Consensus Algorithms

Byzantine Generals’ Problem

As we saw in the Byzantine Generals’ Problem, this challenge has been around for a while - achieving consensus in a distributed system with suboptimal communication between participants who do not necessarily trust each other isn’t new.

Proof of Work

Bitcoin figured out how to use the Proof of Work algorithm to solve this issue.

The main innovation that Satoshi Nakamoto introduced in Bitcoin’s white paper is using Proof of Work (PoW) to achieve consensus without a central authority and solve the double-spend problem.

How Does It Work?

PoW involves miner nodes, or miners, to solve a math puzzle that requires a lot of computation power. Whichever miner is able to solve the puzzle the fastest is able to add a block of transactions to the blockchain, and in return, they are paid the transaction fees from all the transactions included in the block as well as paid by the network with bitcoins that were newly created upon the “mining” of the block.

Potential Issues

2 Commonly discussed issues with Proof of Work are:

  1. Extremely High-Energy Consumption

  2. A Monopoly of Miners which Leads to a Concern for System Centralizations

Bitcoin’s whitepaper on PoW

Proof of Stake

In the Proof-of-Stake Consensus Protocol, there are no more miners; instead, there are Validators. These validators, or stakeholders, determine which block makes it onto the blockchain. In order to validate transactions and create blocks, validators put up their own coins as “stake”. Think of it as placing a bet - if they validate a fraudulent transaction, they lose their holdings as well as their rights to participate as a validator in the future. In theory, this check incentivizes the system to validate only truthful transactions.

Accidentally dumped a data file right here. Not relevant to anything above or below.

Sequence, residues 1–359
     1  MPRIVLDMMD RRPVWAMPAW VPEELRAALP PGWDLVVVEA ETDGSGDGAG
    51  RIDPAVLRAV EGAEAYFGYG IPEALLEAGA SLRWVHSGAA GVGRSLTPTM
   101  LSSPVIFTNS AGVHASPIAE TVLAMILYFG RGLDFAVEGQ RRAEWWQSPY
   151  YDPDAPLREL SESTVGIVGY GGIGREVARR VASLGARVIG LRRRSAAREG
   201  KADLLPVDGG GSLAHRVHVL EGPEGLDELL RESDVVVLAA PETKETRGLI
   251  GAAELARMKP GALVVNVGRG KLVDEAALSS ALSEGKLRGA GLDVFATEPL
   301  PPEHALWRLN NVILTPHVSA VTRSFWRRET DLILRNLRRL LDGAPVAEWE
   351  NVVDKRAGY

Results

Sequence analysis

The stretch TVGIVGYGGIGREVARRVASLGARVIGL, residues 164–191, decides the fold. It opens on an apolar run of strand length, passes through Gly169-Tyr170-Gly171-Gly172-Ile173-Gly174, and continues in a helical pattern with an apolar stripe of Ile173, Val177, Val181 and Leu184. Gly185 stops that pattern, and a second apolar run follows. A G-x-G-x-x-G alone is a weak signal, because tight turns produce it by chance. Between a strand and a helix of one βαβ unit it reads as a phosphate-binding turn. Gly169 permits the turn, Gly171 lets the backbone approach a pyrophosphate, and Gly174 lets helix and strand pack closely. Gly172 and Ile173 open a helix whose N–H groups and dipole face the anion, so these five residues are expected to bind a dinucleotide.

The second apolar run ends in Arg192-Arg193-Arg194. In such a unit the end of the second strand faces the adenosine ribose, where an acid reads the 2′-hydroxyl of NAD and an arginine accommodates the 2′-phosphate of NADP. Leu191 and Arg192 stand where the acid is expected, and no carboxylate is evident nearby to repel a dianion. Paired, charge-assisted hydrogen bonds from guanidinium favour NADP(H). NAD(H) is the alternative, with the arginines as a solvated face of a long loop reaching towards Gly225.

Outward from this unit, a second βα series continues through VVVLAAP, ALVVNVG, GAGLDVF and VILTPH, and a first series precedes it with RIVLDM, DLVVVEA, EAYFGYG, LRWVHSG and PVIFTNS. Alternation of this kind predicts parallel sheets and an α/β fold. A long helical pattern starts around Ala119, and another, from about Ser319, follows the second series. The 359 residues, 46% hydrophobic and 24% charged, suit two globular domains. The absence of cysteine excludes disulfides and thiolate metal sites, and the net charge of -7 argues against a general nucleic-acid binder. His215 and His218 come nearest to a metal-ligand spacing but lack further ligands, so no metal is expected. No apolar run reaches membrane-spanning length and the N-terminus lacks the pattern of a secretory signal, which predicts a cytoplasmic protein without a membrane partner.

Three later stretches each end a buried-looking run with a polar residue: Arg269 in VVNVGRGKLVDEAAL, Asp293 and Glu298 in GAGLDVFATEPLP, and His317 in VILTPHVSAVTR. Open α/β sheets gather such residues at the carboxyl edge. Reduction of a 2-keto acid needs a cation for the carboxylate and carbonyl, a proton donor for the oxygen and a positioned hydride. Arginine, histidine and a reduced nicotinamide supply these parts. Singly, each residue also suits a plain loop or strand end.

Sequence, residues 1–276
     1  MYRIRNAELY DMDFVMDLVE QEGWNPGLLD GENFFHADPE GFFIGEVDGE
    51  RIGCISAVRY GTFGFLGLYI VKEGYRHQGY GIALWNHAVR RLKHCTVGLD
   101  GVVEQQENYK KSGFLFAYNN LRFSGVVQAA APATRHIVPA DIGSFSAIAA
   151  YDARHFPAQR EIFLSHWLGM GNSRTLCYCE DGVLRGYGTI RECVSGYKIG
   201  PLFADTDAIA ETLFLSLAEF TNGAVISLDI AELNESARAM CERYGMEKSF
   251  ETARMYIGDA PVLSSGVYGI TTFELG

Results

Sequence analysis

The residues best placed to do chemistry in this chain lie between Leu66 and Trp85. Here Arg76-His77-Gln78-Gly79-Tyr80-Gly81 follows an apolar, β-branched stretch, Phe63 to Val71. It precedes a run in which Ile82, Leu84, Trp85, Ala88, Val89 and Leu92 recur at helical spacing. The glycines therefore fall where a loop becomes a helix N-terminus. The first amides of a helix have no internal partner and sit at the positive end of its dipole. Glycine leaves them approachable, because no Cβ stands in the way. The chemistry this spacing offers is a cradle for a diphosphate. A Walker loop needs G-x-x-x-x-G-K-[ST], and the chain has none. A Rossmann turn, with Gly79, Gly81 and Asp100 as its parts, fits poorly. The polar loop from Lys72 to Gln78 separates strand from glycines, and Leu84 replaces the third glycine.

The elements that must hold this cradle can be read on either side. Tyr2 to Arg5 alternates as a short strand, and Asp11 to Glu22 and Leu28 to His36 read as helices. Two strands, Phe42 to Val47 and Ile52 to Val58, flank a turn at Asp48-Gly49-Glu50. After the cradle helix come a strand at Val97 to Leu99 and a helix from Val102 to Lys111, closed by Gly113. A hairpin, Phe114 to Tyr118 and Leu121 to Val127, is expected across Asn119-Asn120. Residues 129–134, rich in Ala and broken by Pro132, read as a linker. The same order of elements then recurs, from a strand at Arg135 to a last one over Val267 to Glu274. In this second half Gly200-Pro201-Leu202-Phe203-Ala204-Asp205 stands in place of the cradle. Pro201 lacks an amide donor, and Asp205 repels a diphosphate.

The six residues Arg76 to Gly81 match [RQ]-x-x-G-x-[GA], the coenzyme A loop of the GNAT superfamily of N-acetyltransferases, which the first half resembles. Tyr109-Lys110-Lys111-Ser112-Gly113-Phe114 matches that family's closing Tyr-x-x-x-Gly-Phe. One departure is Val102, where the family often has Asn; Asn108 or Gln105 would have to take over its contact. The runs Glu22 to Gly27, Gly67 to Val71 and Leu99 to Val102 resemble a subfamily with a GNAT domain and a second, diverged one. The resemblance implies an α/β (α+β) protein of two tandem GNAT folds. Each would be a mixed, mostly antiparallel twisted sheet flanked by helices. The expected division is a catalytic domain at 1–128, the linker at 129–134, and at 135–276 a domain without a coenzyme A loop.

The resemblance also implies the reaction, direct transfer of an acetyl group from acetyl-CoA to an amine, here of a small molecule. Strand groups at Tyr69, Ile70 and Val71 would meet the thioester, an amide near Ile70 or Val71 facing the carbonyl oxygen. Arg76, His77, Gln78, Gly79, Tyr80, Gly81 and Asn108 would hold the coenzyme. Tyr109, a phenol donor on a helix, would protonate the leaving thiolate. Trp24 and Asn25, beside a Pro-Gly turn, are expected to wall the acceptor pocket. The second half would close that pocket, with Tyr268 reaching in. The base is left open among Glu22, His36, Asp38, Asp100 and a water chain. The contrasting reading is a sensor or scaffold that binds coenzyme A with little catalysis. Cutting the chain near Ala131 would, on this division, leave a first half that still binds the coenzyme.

Potential Issues

We discussed the “Nothing At Stake” problem in which a bad acting Validator places bets on multiple forks so they theoretically always win out in the end.

Proposed Solutions

Slasher Strategy which entails penalizing validators if they simultaneously create blocks on multiple chains.

Additionally there’s the Punisher Strategy which simply punishes validators for creating blocks on the wrong chain. In this method, Validators will be motivated to be selective and conscious about the blockchain in which they put their stake.

Who’s Using It?

Ethereum, DASH, and LISK are big proponents

Ethereum’s Proof of Stake FAQs

Delegated Byzantine Fault Tolerance (dBFT)

dBFT uses a system similar to a democracy where Ordinary Nodes the system vote on representative Delegate Nodes to decide which blocks should be added to the blockchain. When it’s time to add a block, a Speaker is randomly assigned from the group of Delegates to create a new block and propose the new block. 66.66% of delegates need to approve on the block for it to pass.

Potential Issues

Two issues we explored were the case of the Dishonest Speaker and the Dishonest Delegate.

Dishonest Speaker

There is always a chance the Speaker, who is randomly selected from the Delegates, could be dishonest or malfunction. In this situation, the network needs to rely on honest delegates to vote the proposed block down so it doesn’t reach 66% approval. It is up to users of protocol who vote on Delegates, to find out which delegates are not trustworthy and vote on other delegates that are truthful.

Dishonest Delegate

In this case, the chosen Speaker is honest but there are Dishonest Delegates in the system meaning even if they receive a proposal for new block that is faulty, they can say it is valid. If it is a minority of delegates that are dishonest, the block will not make it and new speaker is elected.

Who’s Using It?

NEO is a big advocator of this protocol.

Proof Of Activity

Proof Of Burn

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